The students are to be formed with particular care in the study of the Bible, which ought to be, as it were, the soul of all theology. After a suitable introduction they are to be initiated carefully into the method of exegesis; and they are to see the great themes of divine revelation and to receive from their daily reading of and meditating on the sacred books inspiration and nourishment.

Dogmatic theology should be so arranged that these biblical themes are proposed first of all. Next there should be opened up to the students what the Fathers of the Eastern and Western Church have contributed to the faithful transmission and development of the individual truths of revelation. The further history of dogma should also be presented, account being taken of its relation to the general history of the Church. Next, in order that they may illumine the mysteries of salvation as completely as possible, the students should learn to penetrate them more deeply with the help of speculation, under the guidance of St. Thomas, and to perceive their interconnections. They should be taught to recognize these same mysteries as present and working in liturgical actions and in the entire life of the Church. They should learn to seek the solutions to human problems under the light of revelation, to apply the eternal truths of revelation to the changeable conditions of human affairs and to communicate them in a way suited to men of our day.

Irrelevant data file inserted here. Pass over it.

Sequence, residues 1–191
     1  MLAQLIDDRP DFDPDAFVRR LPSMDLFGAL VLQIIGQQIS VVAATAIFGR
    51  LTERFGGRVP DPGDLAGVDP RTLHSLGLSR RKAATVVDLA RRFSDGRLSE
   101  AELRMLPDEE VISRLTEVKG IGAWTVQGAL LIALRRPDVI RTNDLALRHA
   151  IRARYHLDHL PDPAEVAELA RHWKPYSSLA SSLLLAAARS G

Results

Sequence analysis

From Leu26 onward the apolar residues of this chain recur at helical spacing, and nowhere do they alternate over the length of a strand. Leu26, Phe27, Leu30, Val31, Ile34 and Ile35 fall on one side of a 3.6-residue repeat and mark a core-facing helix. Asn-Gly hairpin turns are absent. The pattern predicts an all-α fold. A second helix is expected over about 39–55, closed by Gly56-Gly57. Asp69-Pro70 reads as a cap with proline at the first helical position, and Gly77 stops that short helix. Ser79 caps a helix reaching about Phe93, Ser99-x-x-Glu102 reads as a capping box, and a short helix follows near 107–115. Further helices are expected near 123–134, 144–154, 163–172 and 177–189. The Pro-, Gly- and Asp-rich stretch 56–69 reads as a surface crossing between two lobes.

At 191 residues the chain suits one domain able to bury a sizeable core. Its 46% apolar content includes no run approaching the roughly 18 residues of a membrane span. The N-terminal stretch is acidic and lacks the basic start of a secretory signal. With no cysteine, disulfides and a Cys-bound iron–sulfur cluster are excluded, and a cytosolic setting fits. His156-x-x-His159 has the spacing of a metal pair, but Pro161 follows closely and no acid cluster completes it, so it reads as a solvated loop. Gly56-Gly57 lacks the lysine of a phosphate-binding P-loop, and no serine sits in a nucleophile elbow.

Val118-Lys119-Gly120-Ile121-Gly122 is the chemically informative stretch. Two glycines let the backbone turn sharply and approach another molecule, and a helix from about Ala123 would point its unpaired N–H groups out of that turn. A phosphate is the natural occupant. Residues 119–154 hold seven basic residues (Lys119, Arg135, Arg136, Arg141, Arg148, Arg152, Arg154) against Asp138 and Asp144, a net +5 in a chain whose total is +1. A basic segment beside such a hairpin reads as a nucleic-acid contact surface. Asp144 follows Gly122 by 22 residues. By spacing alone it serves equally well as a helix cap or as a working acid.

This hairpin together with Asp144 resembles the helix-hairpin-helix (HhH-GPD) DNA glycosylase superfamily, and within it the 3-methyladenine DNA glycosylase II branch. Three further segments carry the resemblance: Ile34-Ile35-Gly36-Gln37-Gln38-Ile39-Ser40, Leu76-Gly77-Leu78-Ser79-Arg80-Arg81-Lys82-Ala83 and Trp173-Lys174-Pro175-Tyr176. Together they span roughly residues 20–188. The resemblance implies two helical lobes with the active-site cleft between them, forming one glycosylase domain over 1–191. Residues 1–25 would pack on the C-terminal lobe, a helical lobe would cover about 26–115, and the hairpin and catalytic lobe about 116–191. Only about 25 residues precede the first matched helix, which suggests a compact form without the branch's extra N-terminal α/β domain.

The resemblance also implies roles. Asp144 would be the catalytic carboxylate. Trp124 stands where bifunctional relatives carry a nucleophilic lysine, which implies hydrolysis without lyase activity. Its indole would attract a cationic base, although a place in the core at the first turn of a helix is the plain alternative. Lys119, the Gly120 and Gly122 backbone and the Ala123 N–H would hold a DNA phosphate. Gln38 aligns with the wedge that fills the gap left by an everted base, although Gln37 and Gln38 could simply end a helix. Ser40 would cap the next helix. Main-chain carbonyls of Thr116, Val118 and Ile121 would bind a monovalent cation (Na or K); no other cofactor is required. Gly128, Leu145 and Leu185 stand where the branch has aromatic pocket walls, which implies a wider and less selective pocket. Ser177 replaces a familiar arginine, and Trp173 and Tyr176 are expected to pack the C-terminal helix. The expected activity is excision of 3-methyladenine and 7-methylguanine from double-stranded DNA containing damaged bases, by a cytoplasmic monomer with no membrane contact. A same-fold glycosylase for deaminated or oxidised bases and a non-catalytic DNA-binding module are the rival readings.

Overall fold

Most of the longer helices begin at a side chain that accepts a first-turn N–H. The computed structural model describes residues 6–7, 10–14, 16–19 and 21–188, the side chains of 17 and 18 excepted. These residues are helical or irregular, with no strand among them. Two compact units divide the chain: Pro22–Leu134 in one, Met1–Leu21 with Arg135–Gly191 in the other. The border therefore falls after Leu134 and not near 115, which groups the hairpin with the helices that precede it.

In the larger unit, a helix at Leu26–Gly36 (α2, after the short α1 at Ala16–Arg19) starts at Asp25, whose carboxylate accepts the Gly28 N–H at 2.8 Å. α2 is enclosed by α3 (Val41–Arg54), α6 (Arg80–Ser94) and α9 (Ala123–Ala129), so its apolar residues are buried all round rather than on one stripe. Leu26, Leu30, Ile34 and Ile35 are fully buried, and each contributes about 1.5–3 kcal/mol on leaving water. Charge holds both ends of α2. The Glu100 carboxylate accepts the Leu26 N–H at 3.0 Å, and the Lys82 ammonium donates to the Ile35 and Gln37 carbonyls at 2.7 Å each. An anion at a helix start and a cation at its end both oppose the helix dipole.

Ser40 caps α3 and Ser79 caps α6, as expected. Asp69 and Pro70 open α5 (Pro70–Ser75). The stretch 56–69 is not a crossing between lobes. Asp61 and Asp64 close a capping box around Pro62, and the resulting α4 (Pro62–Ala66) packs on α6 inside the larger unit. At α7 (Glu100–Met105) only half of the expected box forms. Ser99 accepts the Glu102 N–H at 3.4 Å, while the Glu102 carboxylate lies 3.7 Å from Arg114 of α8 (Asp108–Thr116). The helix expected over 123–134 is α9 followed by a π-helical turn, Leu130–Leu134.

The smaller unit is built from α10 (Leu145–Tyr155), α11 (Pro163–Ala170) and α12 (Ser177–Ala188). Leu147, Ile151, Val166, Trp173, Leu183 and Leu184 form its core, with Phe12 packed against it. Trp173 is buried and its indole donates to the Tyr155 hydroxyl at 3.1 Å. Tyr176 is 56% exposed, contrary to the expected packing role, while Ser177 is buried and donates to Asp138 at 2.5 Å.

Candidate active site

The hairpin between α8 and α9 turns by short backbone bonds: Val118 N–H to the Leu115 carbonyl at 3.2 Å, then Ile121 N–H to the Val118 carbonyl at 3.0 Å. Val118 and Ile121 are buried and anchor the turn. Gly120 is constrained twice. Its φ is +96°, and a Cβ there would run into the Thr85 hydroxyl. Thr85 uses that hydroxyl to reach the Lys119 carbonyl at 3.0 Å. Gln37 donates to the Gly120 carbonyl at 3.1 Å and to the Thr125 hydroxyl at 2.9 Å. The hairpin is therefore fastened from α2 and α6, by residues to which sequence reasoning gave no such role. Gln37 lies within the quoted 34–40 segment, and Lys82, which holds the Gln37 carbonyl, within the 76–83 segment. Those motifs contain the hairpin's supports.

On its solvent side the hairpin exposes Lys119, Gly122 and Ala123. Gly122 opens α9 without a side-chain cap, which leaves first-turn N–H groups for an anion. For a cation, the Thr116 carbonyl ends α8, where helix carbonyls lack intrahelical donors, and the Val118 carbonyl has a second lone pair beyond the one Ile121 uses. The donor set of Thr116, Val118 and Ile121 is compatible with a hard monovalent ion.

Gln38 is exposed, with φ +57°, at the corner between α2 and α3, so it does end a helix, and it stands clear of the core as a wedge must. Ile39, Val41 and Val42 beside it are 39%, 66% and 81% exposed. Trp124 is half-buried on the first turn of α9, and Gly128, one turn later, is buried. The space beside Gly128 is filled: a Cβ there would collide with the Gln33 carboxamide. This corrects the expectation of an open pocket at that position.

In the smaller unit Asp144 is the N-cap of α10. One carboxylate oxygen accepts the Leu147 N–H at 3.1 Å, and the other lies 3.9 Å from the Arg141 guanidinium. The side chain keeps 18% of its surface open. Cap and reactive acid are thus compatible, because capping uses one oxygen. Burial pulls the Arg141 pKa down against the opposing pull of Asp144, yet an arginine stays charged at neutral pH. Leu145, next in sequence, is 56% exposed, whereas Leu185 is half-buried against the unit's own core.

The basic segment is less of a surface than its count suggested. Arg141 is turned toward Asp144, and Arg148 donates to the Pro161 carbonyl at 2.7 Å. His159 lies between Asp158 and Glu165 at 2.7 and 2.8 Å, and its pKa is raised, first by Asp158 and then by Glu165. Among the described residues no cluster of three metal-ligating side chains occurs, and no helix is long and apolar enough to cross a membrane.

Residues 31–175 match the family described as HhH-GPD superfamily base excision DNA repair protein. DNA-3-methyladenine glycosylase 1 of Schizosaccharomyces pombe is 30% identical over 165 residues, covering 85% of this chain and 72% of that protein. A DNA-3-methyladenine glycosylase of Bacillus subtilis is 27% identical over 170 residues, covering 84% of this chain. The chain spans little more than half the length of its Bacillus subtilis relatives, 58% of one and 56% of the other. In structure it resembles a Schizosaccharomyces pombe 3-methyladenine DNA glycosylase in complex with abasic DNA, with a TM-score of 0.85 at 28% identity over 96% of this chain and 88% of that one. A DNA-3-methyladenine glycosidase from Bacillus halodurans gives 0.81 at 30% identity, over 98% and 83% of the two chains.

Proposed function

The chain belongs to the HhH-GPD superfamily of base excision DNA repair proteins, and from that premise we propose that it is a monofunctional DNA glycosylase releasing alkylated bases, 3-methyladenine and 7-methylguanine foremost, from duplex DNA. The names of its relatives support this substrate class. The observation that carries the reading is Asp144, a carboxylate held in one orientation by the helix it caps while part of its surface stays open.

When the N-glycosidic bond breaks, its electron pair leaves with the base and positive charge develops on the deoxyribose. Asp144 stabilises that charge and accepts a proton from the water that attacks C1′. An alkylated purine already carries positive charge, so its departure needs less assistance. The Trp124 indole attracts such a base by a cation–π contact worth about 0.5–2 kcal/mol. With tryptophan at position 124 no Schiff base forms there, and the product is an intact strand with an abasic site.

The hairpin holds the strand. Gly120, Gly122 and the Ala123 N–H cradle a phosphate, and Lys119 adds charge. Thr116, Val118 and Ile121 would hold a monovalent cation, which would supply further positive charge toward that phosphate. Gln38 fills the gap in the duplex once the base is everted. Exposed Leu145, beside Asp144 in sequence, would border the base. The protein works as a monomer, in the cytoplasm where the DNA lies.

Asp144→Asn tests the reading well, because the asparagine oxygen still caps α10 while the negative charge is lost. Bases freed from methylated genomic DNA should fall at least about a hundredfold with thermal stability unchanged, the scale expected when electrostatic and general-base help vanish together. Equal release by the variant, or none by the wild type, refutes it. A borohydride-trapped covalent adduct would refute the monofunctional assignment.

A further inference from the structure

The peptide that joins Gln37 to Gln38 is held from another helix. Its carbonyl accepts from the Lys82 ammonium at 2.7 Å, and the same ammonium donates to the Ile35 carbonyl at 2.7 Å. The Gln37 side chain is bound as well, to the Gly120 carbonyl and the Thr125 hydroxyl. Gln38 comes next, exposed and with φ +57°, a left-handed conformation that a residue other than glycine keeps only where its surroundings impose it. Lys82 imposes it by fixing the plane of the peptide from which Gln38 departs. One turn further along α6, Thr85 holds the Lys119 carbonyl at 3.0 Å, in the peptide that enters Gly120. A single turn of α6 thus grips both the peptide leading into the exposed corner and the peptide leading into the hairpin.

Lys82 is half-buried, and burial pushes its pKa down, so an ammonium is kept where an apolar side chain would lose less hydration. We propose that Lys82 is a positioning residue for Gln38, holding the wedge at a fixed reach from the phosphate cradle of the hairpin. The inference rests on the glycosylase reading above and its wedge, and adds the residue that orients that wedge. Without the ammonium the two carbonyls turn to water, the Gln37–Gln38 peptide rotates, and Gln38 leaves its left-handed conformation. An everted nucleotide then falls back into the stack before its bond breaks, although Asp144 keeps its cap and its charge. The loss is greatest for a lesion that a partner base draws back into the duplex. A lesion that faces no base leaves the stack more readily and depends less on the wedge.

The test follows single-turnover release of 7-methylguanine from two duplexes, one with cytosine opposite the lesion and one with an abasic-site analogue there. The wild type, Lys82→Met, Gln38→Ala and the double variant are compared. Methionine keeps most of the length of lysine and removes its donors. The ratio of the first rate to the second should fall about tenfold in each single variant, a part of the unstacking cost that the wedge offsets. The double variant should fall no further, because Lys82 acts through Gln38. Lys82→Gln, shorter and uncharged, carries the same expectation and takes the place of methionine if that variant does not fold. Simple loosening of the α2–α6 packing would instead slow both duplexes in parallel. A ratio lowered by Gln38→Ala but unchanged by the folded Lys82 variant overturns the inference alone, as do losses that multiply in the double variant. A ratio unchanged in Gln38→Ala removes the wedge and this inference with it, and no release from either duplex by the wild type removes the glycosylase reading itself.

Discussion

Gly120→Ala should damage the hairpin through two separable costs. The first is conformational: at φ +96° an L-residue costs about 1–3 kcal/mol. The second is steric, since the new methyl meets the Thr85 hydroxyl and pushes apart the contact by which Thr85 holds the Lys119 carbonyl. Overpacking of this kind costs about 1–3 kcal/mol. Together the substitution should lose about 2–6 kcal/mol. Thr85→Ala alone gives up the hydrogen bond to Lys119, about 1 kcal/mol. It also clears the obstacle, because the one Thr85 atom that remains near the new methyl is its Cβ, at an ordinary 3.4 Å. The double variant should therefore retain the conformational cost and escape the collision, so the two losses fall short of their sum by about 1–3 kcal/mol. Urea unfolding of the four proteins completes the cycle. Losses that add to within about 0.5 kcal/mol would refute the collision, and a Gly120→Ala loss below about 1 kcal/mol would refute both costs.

Likewise let the other theological disciplines be renewed through a more living contact with the mystery of Christ and the history of salvation. Special care must be given to the perfecting of moral theology. Its scientific exposition, nourished more on the teaching of the Bible, should shed light on the loftiness of the calling of the faithful in Christ and the obligation that is theirs of bearing fruit in charity for the life of the world. (Optatum Totius, no. 16)

The silly spin of the MSM on John XXIII and John Paul II

Br. Henry Stephan, O.P., has a fantastic piece on the Domincan House of Studies blog, Dominicana. 
Has there ever been a cause for more unreflective editorializing than the recent papal canonizations? If you clicked on nearly any commentary about the new saints in the past few days, you’ve likely been subjected to these kinds of insights: